Diplomats warn of harm to region
By Brian Whitmore
VIENNA - The diplomatic showdown over Iran's alleged nuclear ambitions could escalate into a confrontation that changes the political dynamic of the Middle East and further destabilizes the region, Western diplomats, officials, and analysts say.
In addition to concerns that Tehran has already acquired sufficient know-how to go nuclear in a few years, there are also growing worries about a potential military confrontation with Israel, and that Iran could try to destabilize neighboring Iraq.
Iran said yesterday that it had successfully tested what it called a ''strategic missile" and delivered it to its armed forces. Earlier last week, Tehran defiantly announced it had begun converting uranium into gas, a key step in developing nuclear weapons, just the latest in a series of incidents that appear to be putting Tehran on a collision course with Washington and key European allies.
Those announcements were made just days after the International Atomic Energy Agency called on Iran to cease all activities related to uranium enrichment, and made it increasingly likely that Tehran could be hauled before the UN Security Council for violating the Nuclear Non-Proliferation Treaty. The IAEA will meet in November to decide the matter.
''The clock is ticking down" on Iran, a senior Western diplomat in Vienna said, speaking on condition of anonymity.
The IAEA, the UN nuclear watchdog, has been investigating Iran's nuclear program for nearly two years and has turned up a lot of suspicious activity, including a proven ability to enrich uranium and an emerging infrastructure that could produce large quantities of bomb-grade material. It has not, however, found a ''smoking gun" proving a weapons program.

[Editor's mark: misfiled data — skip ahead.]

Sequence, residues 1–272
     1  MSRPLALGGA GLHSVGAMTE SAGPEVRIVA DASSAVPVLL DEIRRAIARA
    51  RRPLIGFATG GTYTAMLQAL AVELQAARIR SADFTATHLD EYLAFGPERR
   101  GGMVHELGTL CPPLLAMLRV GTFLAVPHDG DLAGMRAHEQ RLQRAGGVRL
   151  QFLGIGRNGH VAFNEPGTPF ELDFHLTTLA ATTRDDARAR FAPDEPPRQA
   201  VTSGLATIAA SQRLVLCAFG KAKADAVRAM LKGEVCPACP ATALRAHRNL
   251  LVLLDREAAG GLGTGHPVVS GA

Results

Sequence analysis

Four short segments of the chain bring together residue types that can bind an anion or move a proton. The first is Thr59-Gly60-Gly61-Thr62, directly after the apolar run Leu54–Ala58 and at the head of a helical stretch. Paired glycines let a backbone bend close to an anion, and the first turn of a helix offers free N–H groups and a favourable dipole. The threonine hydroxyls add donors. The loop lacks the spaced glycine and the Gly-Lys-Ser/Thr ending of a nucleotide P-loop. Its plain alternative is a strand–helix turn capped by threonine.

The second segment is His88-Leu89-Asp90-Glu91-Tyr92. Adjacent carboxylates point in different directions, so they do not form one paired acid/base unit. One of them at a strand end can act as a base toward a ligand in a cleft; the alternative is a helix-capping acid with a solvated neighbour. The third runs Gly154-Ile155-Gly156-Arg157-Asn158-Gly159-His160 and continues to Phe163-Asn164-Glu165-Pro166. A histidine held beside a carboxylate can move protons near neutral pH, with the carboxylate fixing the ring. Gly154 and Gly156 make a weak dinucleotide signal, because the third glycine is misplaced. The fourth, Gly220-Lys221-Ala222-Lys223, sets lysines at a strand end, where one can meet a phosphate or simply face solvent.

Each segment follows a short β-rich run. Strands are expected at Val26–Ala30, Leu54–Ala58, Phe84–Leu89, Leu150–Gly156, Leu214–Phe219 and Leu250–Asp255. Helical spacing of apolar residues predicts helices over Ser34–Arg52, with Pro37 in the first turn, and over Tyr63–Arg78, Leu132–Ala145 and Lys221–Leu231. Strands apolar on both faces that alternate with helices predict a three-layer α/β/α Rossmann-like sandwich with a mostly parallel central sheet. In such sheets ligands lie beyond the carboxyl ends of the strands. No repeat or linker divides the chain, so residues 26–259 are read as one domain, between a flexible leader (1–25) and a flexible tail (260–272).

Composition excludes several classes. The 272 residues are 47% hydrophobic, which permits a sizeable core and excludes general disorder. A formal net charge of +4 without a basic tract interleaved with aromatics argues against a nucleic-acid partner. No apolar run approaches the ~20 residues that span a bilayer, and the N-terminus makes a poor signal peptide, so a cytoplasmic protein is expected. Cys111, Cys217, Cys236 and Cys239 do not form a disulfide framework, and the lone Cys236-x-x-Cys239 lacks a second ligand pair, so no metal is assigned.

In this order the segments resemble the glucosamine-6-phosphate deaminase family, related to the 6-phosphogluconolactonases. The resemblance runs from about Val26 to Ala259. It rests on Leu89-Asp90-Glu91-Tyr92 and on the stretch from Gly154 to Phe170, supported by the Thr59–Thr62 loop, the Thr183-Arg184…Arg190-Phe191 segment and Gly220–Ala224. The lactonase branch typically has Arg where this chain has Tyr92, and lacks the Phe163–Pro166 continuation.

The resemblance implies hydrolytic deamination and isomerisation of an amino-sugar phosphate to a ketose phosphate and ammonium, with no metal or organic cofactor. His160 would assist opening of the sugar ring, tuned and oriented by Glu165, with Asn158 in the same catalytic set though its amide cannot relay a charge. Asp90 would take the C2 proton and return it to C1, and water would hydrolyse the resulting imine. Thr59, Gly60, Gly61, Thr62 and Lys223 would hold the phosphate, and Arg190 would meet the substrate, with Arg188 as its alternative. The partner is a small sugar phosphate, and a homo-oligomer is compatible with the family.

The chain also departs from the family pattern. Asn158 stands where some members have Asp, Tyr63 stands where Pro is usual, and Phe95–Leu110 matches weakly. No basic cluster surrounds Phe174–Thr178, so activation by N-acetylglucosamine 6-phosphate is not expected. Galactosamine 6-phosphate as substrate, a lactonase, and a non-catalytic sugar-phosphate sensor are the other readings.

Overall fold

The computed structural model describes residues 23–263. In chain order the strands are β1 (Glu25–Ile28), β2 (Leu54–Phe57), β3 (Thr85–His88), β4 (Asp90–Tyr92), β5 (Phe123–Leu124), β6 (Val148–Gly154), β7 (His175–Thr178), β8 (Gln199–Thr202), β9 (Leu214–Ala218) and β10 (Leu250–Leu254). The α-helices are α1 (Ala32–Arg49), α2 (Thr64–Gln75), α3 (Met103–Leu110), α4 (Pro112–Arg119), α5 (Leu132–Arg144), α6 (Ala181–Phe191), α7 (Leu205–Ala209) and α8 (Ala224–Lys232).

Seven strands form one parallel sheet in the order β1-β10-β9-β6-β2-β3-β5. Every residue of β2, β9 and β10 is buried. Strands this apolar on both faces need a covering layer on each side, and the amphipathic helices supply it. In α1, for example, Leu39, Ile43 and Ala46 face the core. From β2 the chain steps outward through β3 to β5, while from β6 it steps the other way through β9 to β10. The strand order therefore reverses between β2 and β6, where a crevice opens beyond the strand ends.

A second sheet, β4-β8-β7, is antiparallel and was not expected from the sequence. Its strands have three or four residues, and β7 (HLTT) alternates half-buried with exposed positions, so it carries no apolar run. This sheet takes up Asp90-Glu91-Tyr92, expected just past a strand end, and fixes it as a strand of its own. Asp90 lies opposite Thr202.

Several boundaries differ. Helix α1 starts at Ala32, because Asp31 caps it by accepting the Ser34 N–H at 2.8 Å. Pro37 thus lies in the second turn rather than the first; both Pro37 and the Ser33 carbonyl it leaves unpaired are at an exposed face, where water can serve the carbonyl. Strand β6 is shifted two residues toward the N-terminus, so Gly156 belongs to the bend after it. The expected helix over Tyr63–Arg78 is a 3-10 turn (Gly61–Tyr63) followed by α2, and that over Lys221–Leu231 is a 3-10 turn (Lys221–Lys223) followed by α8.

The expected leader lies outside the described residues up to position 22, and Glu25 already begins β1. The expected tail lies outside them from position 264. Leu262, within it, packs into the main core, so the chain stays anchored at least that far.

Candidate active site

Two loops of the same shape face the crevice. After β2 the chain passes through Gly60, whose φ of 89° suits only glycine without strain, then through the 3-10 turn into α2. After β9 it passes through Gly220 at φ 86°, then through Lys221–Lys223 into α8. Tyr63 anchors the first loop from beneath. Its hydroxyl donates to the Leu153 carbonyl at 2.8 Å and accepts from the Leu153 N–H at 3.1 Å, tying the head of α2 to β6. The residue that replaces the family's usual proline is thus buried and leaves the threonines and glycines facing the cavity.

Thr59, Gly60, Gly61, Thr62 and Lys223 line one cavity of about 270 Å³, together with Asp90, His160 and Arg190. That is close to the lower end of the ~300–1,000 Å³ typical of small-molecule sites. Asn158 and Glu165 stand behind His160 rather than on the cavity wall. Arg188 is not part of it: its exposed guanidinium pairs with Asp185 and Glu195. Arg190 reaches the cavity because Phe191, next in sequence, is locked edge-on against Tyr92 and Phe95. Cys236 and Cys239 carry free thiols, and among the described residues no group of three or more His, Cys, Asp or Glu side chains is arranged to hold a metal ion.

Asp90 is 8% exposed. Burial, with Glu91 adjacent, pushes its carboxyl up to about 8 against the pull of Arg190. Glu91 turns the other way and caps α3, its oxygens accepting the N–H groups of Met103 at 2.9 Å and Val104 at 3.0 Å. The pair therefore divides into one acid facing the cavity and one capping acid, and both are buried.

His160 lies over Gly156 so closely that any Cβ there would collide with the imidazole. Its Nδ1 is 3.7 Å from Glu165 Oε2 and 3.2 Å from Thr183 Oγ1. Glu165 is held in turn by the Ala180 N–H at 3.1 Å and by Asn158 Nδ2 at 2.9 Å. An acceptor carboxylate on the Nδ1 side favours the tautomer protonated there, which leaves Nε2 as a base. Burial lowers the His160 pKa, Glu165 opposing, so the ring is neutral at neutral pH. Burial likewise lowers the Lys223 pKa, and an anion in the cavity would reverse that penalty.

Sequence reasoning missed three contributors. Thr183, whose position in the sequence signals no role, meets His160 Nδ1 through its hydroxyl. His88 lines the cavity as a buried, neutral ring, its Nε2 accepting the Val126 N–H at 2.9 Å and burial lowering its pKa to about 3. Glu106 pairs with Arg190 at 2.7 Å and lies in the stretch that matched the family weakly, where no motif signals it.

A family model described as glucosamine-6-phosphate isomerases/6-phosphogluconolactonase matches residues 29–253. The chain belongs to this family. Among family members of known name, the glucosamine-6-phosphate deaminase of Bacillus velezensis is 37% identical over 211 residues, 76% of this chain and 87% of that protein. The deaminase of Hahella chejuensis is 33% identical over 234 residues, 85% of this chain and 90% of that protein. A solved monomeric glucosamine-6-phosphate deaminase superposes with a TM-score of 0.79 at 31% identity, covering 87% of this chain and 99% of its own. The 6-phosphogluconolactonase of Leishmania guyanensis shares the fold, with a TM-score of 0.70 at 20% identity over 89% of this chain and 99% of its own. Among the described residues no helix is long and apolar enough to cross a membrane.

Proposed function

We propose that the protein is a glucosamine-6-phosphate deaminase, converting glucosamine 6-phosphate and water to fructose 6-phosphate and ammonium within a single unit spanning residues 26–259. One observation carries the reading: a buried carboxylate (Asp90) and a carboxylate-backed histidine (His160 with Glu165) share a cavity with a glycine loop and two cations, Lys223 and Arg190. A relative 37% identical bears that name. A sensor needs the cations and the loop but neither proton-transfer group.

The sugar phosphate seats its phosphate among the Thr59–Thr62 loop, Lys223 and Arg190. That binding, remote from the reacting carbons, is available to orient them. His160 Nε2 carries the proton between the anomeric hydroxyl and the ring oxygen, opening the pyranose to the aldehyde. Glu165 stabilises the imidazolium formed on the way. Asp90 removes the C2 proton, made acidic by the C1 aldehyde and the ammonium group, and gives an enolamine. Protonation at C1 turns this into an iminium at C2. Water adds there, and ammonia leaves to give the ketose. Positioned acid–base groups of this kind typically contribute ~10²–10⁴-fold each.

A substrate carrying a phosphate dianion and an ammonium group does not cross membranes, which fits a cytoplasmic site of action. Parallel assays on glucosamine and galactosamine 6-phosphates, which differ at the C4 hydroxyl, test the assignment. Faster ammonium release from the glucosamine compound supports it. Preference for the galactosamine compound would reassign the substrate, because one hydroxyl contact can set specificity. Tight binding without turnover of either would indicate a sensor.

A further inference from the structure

Regardless of whether Iran intends to build nuclear weapons, there is a growing sense of urgency among the United States and major European allies that if unchecked Tehran's ability and desire to enrich uranium has put it in a position to go nuclear, should it choose to do so, in the near future. Iran insists its nuclear program is peaceful and for civilian purposes.
The specter of a nuclear-armed Iran, which could threaten Israel, set off a dangerous arms race, and further destabilize the Middle East, is something the United States and its allies are furiously seeking to prevent.
But as the issue appears to race toward a confrontation, there are also growing fears that should the Security Council eventually impose sanctions, an increasingly isolated Iran may pull out of the Non-Proliferation Treaty, as North Korea did last year, and pursue a weapons program unfettered. Officials have voiced concerns that Iran might attempt to further subvert the situation in neighboring Iraq by influencing Shi'ite Muslims there, or that Israel may try to take out Tehran's nuclear facilities in a military strike -- with unpredictable consequences.
''In the November IAEA meeting, there will be real stakes involved," another senior Western official in Vienna said, referring to the meeting at which the UN nuclear watchdog will decide whether to report Iran to the Security Council.
''But this has become so much bigger than the IAEA," the official added, on condition of anonymity. ''It goes to the whole geopolitics of the Middle East and to the chronic insecurity of the region."